By Marcus Lavergne
Barren, fruitless, desolate — these are words that one could use to describe a world without pollination. The fact is that many plants don’t have the ability to produce fruits and seeds without the help of several types of animals and insects that spread pollen intentionally or accidentally.
In a world where one of Earth’s main pollinator populations, bees, is in decline, people may be looking at a future of growing scarcity for some of their favorite foods and beverages, including apples, coffee and chocolate.
Pollination means reproduction for plants. It’s the interaction between the sex organs of flowers where pollen travels from the male part, or stamen, to the female part, or pistil, and fertilizes it. The process leads to more flowers, seeds and fruits.
Although some plants can rely solely on natural forces like wind to help them reproduce, over 75 percent of angiosperms, or plants that produce flowers, need help from animals and insects. That’s according to the U.S. Fish and Wildlife Service, which credits habitat loss and pesticides for some of the decline.
With that being said, there is not a huge danger of all crops or even a majority dying out around the planet, but that’s not the largest issue at hand either.
According to the American Association for the Advancement of Science’s publication ScienceMag.org, a recent study showed that regions with a “high prevalence of nutritional deficiencies overlapped with regions most dependent on pollinators for delivering the same nutrients.”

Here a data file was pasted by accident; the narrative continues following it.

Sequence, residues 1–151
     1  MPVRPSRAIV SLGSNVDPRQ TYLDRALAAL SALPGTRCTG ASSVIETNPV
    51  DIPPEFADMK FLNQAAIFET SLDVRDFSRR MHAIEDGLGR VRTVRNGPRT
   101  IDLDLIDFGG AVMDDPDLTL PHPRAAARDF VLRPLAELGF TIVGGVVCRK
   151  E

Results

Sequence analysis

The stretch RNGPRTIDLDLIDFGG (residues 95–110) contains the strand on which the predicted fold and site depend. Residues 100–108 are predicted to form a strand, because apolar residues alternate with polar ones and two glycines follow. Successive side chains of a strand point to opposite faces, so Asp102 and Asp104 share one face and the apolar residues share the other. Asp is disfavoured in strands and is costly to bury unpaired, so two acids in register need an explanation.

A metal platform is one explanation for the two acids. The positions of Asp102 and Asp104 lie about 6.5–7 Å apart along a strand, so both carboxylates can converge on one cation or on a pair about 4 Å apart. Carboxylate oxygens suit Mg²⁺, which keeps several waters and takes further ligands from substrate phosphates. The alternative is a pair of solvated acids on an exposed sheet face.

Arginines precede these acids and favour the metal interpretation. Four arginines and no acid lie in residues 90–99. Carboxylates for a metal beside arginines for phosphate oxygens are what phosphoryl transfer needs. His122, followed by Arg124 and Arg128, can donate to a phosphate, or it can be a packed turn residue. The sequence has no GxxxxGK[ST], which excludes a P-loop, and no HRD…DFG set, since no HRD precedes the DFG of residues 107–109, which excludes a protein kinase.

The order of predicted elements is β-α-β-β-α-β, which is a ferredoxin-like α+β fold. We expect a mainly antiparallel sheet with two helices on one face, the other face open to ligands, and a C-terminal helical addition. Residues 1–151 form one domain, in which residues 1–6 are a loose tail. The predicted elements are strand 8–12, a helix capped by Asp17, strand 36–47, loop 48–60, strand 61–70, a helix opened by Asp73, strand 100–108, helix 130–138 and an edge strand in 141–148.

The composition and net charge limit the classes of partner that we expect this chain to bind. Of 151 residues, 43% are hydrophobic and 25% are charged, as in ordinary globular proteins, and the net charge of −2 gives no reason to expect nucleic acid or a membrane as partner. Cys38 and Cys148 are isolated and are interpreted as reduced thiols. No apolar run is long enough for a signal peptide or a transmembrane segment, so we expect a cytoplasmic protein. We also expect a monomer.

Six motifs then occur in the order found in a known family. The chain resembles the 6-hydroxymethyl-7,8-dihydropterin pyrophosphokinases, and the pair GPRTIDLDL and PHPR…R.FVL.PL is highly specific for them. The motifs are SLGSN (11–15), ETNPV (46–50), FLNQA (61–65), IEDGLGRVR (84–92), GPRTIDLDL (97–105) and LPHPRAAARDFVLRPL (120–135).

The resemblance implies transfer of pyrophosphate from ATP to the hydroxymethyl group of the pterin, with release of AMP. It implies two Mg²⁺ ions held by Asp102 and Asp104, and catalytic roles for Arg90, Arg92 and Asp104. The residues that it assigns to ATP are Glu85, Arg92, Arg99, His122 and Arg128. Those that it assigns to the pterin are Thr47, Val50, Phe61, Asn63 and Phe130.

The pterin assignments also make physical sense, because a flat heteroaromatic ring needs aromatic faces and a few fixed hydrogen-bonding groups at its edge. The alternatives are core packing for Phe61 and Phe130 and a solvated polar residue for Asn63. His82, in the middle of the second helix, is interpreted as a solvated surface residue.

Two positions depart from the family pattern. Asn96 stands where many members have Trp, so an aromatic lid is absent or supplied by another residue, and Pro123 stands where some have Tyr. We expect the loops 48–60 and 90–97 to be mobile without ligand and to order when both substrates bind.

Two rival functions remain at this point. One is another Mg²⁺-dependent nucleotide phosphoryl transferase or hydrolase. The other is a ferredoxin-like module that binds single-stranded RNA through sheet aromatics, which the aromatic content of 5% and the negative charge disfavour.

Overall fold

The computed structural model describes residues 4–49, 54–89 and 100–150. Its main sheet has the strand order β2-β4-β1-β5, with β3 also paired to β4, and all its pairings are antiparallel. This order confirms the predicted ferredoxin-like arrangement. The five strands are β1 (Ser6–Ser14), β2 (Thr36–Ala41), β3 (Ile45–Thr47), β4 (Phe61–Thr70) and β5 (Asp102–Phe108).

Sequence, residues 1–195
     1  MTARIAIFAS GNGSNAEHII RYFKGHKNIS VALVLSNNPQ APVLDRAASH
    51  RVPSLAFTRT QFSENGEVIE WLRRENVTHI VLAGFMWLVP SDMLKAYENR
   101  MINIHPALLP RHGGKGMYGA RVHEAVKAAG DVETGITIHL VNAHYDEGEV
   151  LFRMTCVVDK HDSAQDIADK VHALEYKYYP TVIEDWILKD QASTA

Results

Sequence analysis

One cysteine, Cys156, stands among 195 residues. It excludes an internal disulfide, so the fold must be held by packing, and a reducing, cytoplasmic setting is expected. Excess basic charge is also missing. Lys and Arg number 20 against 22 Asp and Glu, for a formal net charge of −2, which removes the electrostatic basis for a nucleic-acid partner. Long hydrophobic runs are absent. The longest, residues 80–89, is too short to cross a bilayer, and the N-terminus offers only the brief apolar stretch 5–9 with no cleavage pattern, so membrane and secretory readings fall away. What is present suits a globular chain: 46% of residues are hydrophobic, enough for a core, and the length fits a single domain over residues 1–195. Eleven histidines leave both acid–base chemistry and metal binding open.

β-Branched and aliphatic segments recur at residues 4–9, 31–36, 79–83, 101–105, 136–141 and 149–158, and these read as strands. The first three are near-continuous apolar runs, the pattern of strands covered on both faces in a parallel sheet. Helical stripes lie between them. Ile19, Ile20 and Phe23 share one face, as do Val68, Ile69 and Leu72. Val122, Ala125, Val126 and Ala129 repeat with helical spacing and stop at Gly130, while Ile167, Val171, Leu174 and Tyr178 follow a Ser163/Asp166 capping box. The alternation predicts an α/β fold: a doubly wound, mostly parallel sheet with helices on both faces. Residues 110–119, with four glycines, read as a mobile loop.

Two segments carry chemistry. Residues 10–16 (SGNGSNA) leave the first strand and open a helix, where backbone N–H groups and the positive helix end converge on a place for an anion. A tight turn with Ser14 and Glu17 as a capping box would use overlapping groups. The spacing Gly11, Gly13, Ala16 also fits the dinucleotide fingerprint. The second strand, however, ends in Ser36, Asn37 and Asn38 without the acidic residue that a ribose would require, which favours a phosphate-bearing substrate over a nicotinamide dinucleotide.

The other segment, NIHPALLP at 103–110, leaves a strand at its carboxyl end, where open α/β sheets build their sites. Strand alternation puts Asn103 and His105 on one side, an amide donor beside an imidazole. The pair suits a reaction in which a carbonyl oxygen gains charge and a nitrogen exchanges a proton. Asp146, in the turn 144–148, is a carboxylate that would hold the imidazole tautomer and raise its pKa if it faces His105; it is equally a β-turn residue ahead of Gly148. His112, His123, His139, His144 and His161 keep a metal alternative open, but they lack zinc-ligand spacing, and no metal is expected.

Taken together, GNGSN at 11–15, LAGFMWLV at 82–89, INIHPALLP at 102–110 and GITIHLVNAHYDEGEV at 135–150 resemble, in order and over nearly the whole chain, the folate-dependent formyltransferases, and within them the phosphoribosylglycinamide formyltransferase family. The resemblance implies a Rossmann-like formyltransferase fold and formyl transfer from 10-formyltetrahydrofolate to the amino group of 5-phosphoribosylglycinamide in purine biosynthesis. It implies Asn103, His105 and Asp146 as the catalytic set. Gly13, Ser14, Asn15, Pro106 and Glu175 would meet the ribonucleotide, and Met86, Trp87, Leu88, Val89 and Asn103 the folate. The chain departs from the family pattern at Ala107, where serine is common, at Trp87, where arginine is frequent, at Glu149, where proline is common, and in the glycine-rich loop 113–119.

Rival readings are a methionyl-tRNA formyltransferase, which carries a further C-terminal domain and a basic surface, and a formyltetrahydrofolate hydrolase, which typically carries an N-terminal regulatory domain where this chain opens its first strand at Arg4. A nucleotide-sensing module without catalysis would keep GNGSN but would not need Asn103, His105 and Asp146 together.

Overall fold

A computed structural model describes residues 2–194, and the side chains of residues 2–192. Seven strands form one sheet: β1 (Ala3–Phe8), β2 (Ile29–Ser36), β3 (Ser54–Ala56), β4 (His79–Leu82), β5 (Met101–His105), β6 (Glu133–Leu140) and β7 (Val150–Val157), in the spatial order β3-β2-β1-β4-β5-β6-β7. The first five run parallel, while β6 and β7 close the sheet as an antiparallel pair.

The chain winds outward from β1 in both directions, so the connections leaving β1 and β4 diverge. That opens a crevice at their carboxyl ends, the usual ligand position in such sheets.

Nutritional deficiencies, including a dietary lack of vitamin A, iron and folate, are more prominent in regions like Sub-Saharan Africa and destitute parts of India. In more developed countries like the U.S., a notable population decline in one pollinator community is more likely to shake things up in the agricultural economy.
From the 1940s to today, the nation’s managed bee colonies have decreased from around 5 million to 2.5 million, 50 percent. At the University of Nevada, Reno, bee researchers led by Anne Leonard are working to find solutions to the growing problem.
Honey bees, a group the U.S. Department of Agriculture calls a critical link in the country’s agriculture, are in decline. It’s called Colony Collapse Disorder and the long-term consequences can be devastating. The USDA says one in three mouthfuls of food is directly or indirectly benefited by the honey bee pollination, which is also responsible for around $15 billion in yearly increased crop value.
A bee’s job is more in demand while the population’s numbers are dwindling. One pressing issue for researchers is finding ways to save bees
while maximizing their work potential. That requires more studying.
After receiving a National Science Foundation grant to study foraging behaviors in bees, Leonard and postdoctoral researcher Felicity Muth have found that bees aren’t just randomly flying about collecting nectar and pollen. They’re forming generalizations and, essentially, learning more as they go. They’re doing what they do using several brain processes, not just instinct.